The high cost of saying "no." Over the past several years, city residents said "no," or in some cases would have liked to say "no," to a number of efforts including parking meters and Measure C, a sales tax proposal that would have raised revenues for road repair.
There are efforts to eliminate vacation rentals and SnowGlobe. While it's certainly within the rights of residents to do so, I am not sure everyone understands the financial implications of these decisions.
According to city reports, the parking meters would have generated $360,000 annually, Measure C $2.5 million, if Snowglobe goes away that's another $60,000, and if a ballot measure to ban vacation rentals is successful (and it's not guaranteed) that would be an additional $2.5 million.
All totaled that's $5.4 million dollars of potentially lost tax revenue, annually. Over five years the lost tax dollars would be close to $30 million. The interesting thing is visitors would have paid for most of it.
In some cases, some residents have a genuine passion for these issues; I understand the noise of SnowGlobe and the problems with vacation rentals. In other cases, some people just like to say "no" and feel personally empowered by opposing change.
The problem is all these efforts independent of each other fail to look at the big picture and how these efforts impact all of us.
For example, the opponents of Measure C were adamant that the city should find funds for road repair within the city budget, no matter that visitors cause the most wear and tear.
But how can that happen if vacation rentals go away? Or we have to spend money on maintenance out of that same budget that would have been paid for by parking meters. The $30 million lost is a lot of tax dollars over the next five years. Add to this situation the impending impact of CalPERS on the city budget and the numbers get downright awful.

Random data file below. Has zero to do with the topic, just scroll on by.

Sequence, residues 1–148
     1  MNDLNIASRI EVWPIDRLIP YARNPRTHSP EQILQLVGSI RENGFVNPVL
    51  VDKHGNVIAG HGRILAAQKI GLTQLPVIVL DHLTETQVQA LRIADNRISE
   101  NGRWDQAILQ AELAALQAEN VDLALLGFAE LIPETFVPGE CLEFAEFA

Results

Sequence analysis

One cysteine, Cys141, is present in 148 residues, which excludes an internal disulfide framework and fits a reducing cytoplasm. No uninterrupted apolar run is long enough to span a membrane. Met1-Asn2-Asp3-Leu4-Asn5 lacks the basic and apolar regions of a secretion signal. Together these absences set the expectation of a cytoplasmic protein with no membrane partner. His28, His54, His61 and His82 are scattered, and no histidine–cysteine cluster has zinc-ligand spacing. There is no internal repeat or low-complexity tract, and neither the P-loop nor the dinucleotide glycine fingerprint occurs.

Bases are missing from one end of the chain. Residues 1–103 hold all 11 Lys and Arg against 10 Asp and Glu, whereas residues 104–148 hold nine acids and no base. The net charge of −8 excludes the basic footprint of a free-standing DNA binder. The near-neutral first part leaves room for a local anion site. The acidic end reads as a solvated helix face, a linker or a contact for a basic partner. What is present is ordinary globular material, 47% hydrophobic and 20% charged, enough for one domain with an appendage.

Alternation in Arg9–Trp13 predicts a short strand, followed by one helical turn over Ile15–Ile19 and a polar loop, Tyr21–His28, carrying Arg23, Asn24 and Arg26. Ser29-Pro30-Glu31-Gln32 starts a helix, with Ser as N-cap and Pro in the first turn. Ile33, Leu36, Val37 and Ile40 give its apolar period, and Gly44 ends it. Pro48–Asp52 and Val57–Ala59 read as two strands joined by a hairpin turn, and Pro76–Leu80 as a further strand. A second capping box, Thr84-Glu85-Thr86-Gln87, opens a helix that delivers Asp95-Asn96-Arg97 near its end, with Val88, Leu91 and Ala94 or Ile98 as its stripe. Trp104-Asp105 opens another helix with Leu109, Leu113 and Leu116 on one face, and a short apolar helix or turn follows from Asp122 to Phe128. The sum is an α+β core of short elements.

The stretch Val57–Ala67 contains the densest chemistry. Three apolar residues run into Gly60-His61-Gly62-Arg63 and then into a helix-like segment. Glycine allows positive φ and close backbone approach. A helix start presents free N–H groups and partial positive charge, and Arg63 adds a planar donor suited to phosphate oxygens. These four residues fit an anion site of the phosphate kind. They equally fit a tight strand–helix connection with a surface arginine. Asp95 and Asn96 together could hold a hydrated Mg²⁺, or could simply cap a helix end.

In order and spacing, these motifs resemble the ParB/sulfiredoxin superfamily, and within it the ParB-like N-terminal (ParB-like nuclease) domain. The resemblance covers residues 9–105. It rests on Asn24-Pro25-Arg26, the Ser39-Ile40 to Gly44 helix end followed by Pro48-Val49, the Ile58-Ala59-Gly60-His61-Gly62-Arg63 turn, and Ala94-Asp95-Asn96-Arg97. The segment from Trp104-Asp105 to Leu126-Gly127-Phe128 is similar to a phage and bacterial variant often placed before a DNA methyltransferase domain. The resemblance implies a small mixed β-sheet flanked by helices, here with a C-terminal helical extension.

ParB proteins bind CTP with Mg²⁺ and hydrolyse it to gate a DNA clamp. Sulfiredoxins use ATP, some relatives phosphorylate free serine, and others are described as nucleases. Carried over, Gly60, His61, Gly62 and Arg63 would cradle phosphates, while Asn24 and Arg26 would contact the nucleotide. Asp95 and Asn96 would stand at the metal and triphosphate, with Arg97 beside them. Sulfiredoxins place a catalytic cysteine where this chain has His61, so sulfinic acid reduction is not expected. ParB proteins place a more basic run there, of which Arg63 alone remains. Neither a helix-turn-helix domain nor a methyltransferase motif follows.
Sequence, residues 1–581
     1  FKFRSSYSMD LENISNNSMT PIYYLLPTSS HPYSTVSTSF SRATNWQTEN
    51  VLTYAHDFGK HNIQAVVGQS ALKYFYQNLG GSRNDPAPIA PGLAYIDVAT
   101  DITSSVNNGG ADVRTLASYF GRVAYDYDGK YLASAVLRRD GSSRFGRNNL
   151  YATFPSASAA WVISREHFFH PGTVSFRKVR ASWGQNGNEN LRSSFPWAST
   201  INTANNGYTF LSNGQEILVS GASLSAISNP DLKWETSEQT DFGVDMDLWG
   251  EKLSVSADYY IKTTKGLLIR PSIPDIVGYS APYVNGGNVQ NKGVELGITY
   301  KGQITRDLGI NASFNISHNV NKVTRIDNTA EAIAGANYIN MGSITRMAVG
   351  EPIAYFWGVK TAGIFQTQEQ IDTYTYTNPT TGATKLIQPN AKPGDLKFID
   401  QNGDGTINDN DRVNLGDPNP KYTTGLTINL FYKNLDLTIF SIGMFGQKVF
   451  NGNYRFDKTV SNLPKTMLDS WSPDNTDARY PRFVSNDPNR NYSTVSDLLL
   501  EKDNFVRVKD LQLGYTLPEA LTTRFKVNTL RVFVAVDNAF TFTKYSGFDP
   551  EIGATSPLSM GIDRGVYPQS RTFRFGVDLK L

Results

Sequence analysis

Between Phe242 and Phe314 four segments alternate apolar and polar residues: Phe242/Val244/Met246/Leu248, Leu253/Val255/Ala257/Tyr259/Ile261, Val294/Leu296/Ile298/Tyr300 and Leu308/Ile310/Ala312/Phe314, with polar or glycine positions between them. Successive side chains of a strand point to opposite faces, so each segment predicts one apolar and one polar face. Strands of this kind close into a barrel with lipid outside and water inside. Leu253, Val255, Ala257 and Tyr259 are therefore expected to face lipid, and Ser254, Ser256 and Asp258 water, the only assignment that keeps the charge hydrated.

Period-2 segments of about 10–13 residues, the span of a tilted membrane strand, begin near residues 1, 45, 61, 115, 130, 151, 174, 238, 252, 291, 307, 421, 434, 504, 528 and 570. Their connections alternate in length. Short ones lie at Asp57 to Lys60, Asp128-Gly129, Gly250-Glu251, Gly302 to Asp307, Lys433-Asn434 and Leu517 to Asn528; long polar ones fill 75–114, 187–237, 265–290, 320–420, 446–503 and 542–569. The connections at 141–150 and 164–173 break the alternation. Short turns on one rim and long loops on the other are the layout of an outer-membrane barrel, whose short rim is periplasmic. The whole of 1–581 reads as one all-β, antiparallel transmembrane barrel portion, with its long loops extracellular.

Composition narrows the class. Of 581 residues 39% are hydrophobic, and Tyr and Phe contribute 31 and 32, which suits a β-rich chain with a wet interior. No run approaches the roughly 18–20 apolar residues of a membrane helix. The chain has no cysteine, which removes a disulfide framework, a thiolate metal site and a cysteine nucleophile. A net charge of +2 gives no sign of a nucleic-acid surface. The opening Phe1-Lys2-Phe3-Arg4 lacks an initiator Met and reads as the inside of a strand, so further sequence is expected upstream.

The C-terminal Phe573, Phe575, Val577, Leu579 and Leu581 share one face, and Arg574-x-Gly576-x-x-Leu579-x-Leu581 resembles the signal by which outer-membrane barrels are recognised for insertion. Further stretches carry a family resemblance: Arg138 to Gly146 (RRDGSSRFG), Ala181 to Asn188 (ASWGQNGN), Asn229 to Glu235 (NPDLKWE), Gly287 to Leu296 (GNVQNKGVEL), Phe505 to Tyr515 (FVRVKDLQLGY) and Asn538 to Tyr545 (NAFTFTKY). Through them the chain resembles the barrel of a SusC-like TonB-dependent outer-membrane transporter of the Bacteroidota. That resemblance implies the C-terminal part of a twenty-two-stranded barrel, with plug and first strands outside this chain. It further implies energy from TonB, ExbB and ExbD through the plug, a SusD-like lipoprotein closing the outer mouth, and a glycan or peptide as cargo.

We have to understand the cumulative impact of saying "no," we have to figure out ways to compromise. If we don't, the next thing we will be fighting about is what services to cut.
The big picture
Change is the opportunity or enemy of every organization. If you resist change and miss the moment, it can have significant repercussions. Sometimes organizations stick to their guns while the ground beneath them is shifting. It seems the NRA might be missing the moment.
The high school kids present a challenge the NRA has not seen before. After watching the town hall meeting and reading many articles since, it appears these young adults are not rattled, not by the NRA, not by a governor, a president nor a variety of other politicians.
They just don't seem to be bothered or intimidated, and that makes them dangerous and uncontrollable to the NRA — just the kind of situation that brings the moment. In only two weeks the discussion has shifted to new limitations on gun ownership. Impressive indeed.
Add to it the NRA has lost a number of blue-chip sponsors. Watching change happen around an organization that refuses to acknowledge it is something we all can learn from. The status quo never remains.
It looks like we are going to finally get some snow. Don't miss the rest of the winter season, no matter what activity you love.
It's a wrap
This is dedicated to 17 dead high school kids in Florida. It so sad that a country that has ended a world war and sent someone to the moon cannot, or rather will not take steps to fix this problem. No matter what side of the issue you are on, you cannot tolerate this situation.
Carl Ribaudo is a columnist, consultant, speaker, and writer who lives in South Lake Tahoe. He can be reached at firstname.lastname@example.org.